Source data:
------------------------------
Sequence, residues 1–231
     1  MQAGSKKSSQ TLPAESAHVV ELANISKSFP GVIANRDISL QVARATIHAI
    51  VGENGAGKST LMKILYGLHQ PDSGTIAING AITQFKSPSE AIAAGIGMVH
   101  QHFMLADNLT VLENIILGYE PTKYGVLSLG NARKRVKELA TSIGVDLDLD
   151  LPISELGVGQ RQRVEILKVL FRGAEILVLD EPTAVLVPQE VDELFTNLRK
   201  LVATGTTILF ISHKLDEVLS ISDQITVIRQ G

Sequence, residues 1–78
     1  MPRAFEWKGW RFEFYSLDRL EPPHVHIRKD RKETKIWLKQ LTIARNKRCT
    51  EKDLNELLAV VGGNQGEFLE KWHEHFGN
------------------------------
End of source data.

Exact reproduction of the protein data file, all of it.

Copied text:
Sequence, residues 1–231
     1  MQAGSKKSSQ TLPAESAHVV ELANISKSFP GVIANRDISL QVARATIHAI
    51  VGENGAGKST LMKILYGLHQ PDSGTIAING AITQFKSPSE AIAAGIGMVH
   101  QHFMLADNLT VLENIILGYE PTKYGVLSLG NARKRVKELA TSIGVDLDLD
   151  LPISELGVGQ RQRVEILKVL FRGAEILVLD EPTAVLVPQE VDELFTNLRK
   201  LVATGTTILF ISHKLDEVLS ISDQITVIRQ G

Sequence, residues 1–78
     1  MPRAFEWKGW RFEFYSLDRL EPPHVHIRKD RKETKIWLKQ LTIARNKRCT
    51  EKDLNELLAV VGGNQGEFLE KWHEHFGN